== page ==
Published: Spring 2014
There has been growing recognition
that New York City's property
tax system, that dates from
1981, is now badly skewed, difficult to
maintain, and patently unfair in many
ways. Mayor DeBlasio, City Council
Speaker Mark-Viverito and many
citizens groups including CNYC have
called for tax reform.
Reform can't be tinkering or making
small changes to one class or another.
The courage must be found to restructure
the entire system, with fairness
and transparency as twin goals. Taxes
should be levied equally on properties
of like function and like value. Consideration
for seniors, for veterans, for persons
with disabilities -- and for home
ownership, if that is recognized as a desired
end to promote--all must take the
form of separate overlays, administered
by City government.
CNYC and the Action Committee for
Reasonable Real Estate Taxes seek to be
active participants in the reform process.
We dare to hope that by the time the present
abatement program sunsets on June
30, 2015, a fair and equitable program of
taxation shall have been created, vetted
by interested parties, and prepared for introduction
in the State legislature.
HOW DID IT BEGIN?
The New York State legislature passed
S-7000-A over the governor's veto in
1981, establishing four property tax
classes in New York City. It was cobbled
together to solve problems raised by a
lawsuit that successfully challenged the
prior tax structure. By 1990 it had already
created more problems than it had solved.
Assessments were increasing at a gallop
for multiple dwellings, utility properties
and commercial property while one, two
and three family homes were sheltered
from increases by assessment caps, and
by a system that took advantage of additional
opportunities, not to maintain each
group's 'share of the pie', but rather to
skew the system even more in favor of individual
home owners. Cooperatives and
condominiums were included in the Multiple
Dwelling class. Their number had
grown exponentially during the 1980s.
CNYC had been established in the
early 1970s by newly converted buildings
eager to share experiences so as not to
continually 'reinvent the wheel'; CNYC,
too had grown significantly by 1990, and
its members were staggering under their
ever-increasing property taxes.
ACTION COMMITTEE SUGGESTION
In February of 1990, CNYC called into
being the Action Committee for Reasonable
Real Estate Taxes. Its chairman and
officers studied the tax structure and proposed
a simple solution, two tax classes,
one residential and one commercial, with
a fixed ratio between the two, so that neither
sector would be overtaxed to benefit
the other. "Circuit breakers" such as
homeowner exemptions and government
provided relief for senior citizens, etc.
were also considered.
'TEMPORARY' ABATEMENT PROGRAM
Mayor Dinkins convened a blue ribbon
commission in 1993 to examine
the property tax system. Its report confirmed
that housing cooperatives and
condominiums pay far higher property
taxes than other homes of comparable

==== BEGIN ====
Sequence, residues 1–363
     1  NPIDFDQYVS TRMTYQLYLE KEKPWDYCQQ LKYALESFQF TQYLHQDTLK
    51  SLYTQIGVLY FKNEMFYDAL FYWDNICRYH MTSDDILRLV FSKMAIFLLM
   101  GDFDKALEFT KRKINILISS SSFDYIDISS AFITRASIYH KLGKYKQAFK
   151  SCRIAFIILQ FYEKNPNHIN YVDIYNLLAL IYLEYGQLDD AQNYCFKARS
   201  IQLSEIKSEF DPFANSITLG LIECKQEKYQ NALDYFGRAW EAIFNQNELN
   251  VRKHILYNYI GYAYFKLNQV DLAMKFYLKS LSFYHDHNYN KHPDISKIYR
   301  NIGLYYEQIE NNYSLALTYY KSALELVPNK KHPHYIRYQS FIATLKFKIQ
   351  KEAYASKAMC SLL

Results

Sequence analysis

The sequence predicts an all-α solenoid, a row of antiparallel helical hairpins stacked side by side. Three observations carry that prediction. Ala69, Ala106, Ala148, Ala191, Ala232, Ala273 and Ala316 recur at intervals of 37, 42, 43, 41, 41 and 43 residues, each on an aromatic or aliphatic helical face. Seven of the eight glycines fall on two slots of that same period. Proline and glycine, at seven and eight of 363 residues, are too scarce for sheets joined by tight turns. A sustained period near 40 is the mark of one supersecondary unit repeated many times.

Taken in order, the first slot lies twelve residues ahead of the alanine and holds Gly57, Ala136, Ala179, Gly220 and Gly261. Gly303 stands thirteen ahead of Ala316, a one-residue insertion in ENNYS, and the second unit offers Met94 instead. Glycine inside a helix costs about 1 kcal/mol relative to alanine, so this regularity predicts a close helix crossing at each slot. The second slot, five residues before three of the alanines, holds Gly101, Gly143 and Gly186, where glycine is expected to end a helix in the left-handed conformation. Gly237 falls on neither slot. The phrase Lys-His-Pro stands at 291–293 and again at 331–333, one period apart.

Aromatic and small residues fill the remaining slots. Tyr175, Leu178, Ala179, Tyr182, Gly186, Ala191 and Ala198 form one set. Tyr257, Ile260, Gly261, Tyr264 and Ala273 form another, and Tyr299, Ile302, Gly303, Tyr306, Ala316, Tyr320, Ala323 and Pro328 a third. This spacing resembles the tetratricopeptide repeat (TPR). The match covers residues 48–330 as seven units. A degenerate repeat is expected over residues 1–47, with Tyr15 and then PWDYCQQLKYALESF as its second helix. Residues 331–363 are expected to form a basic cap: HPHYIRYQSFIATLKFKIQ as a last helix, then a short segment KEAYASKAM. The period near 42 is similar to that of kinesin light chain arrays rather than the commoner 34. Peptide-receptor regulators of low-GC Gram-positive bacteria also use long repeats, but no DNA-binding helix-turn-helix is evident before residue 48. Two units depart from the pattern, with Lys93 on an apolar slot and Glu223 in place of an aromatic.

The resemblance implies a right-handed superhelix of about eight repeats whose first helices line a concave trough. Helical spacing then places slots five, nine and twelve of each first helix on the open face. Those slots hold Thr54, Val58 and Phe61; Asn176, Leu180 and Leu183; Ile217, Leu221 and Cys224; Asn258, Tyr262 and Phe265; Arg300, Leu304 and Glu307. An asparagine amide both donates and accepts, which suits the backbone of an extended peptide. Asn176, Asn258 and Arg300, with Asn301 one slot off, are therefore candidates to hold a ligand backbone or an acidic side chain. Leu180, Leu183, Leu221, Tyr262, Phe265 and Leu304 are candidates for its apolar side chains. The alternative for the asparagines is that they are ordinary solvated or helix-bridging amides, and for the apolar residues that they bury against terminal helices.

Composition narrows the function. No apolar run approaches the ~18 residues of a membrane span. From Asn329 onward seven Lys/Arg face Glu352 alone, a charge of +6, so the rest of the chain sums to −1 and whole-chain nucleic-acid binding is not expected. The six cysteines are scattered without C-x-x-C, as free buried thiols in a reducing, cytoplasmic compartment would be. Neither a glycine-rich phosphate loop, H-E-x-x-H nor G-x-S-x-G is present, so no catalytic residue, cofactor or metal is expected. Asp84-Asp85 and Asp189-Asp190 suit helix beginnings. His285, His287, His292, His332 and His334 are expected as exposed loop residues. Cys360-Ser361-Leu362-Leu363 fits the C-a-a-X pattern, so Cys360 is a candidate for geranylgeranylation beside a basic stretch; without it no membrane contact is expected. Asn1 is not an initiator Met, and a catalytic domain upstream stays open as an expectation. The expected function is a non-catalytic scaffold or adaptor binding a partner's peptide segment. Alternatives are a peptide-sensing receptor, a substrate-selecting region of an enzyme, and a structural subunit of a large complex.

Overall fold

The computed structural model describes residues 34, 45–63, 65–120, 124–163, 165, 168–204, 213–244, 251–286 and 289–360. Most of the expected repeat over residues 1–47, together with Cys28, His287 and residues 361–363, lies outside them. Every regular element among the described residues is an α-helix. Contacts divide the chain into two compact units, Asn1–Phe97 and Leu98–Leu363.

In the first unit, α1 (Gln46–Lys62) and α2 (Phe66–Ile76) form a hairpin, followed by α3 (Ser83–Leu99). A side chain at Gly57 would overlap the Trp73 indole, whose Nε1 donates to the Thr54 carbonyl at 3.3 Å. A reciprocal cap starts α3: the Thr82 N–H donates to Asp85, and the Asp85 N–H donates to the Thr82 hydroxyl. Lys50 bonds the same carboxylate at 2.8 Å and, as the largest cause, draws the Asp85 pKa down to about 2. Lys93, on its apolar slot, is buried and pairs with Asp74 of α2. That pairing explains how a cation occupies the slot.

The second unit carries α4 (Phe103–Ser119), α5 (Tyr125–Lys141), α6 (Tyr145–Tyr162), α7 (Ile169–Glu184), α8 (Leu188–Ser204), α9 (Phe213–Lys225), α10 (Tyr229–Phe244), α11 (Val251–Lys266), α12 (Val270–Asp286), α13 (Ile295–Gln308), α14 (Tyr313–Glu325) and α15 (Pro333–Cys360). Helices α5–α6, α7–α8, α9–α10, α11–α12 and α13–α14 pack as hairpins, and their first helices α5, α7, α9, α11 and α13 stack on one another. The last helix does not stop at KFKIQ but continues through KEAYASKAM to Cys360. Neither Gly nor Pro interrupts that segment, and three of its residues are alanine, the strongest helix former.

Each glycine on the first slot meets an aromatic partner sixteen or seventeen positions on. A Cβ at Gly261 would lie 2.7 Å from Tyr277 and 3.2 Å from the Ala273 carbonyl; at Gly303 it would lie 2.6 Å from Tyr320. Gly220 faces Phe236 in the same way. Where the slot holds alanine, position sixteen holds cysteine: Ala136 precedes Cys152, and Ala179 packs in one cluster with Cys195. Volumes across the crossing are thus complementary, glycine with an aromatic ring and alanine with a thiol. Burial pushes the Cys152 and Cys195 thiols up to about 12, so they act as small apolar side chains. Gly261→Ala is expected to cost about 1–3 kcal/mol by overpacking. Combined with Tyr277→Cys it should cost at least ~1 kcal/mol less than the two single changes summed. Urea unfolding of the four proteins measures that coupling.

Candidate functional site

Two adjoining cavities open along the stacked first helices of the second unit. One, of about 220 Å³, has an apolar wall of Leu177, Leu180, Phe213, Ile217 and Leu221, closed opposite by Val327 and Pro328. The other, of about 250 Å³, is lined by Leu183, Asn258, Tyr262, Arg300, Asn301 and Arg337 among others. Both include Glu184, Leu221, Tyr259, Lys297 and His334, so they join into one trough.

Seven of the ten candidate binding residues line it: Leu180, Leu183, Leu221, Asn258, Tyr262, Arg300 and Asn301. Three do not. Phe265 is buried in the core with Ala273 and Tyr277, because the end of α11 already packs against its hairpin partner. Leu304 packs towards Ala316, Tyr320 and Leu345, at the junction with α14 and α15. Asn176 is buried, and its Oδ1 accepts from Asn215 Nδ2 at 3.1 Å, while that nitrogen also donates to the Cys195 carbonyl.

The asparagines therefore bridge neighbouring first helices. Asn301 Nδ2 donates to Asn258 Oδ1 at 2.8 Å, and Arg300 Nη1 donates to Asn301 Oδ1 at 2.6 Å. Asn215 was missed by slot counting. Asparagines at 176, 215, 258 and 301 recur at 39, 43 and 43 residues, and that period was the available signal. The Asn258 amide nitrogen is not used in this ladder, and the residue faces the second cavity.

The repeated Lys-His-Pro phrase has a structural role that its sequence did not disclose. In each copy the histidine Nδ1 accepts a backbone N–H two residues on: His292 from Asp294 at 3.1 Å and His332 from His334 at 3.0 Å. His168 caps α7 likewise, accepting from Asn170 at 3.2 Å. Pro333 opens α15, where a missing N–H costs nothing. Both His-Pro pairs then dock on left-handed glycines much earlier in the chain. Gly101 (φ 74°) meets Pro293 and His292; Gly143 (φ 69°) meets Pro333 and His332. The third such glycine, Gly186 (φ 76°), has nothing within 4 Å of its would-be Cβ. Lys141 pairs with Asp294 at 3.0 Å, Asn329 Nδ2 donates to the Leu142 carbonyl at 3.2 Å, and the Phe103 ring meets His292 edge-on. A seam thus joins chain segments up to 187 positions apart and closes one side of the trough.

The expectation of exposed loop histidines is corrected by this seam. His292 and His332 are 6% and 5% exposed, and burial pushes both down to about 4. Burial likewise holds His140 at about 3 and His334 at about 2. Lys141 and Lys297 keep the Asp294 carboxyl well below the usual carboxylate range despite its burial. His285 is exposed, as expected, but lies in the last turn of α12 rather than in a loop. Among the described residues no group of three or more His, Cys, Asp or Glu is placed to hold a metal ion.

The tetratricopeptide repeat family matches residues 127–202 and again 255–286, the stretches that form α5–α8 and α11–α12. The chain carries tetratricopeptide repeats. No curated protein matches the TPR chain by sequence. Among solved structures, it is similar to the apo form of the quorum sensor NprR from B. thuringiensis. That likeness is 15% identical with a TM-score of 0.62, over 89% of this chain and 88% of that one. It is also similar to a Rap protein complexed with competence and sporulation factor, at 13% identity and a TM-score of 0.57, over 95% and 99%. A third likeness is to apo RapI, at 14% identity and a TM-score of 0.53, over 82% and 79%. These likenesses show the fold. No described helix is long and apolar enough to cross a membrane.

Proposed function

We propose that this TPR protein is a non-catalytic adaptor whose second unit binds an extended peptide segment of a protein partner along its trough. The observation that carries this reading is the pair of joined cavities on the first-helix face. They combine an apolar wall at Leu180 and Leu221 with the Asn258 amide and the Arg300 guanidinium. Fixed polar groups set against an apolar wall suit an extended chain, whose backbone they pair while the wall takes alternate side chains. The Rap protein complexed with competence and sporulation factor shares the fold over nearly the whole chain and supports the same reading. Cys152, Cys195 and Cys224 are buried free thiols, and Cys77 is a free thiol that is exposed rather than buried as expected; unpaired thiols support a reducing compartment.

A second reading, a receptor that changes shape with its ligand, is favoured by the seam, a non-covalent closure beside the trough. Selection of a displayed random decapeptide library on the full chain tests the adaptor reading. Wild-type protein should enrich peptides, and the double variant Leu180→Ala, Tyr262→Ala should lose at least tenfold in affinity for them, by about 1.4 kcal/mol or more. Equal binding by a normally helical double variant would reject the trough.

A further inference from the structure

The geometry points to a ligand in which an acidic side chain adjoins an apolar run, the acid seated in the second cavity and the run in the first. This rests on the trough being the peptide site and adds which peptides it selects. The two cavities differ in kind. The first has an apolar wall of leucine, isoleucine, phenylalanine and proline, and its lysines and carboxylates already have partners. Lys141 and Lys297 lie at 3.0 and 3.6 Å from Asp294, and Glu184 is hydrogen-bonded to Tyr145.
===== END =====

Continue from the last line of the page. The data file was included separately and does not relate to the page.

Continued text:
value. In 1996, Mayor Giuliani called for
an abatement program for home owners
in cooperatives and condominiums as a
first step toward tax fairness. This was to
be a two years program while the city developed
a long term plan for tax equity.
Instead, the abatement was repeatedly
renewed in 1999, 2001, 2004 and 2008.
As it was due to sunset in 2012, legislation
was introduced for yet another four
Instead, just days before the end of
the legislative session, the City put forth
a complex bill that modified the abatement
program in several ways and also
addressed J-51, Subchapter S Corporations
and the 421A program. Lawmakers
didn't have sufficient time to study this
proposal before the end of the legislative
session, so the abatement program
remained in limbo. The Department of
Finance continued to apply abatements
to Fiscal 2013 property taxes following
the format of previous years.
MANY MODIFICATIONS BRING
Finally, in January of 2013, a new state
legislature passed the City's legislation. It
significantly increased abatement percentages
for buildings whose assessed
value averaged $60,000 per unit or less.
This has resulted for affordable units citywide
and for most of the cooperatives
and condominiums outside of Manhattan
in significantly higher abatements – a
most welcome development.
PRIMARY RESIDENCY ISSUE
However, the new legislation also restricted
the abatement to an individual's
primary residences (plus up to two additional
units in the same cooperative or
condominium as the primary residence),
phasing out abatements on other units
over the fiscal years 2013 and 2014.
The Department of Finance had the
task of implementing the changes in the
abatement program. It worked diligently
over many months to try to confirm all
primary residences, but still some owners
have lost abatements to which they
The concept of providing a benefit
only for owners who live in their units
is a frequent practice in other jurisdictions,
where it is termed a homeowner
exemption. But no such criterion affects
taxes on Class One properties with absentee
owners, making home owners in
cooperatives and condominiums even
less like home owners in Class One.
TAX REFORM IS NEEDED
It is heartening to see the Commissioner
of Finance, the Mayor and the
City Council all speak of examining our
property tax system. This effort should
focus on developing an easily understood
tax structure that will deal equitably
with all New York City tax payers.
CNYC will keep members posted of
progress toward this vital goal.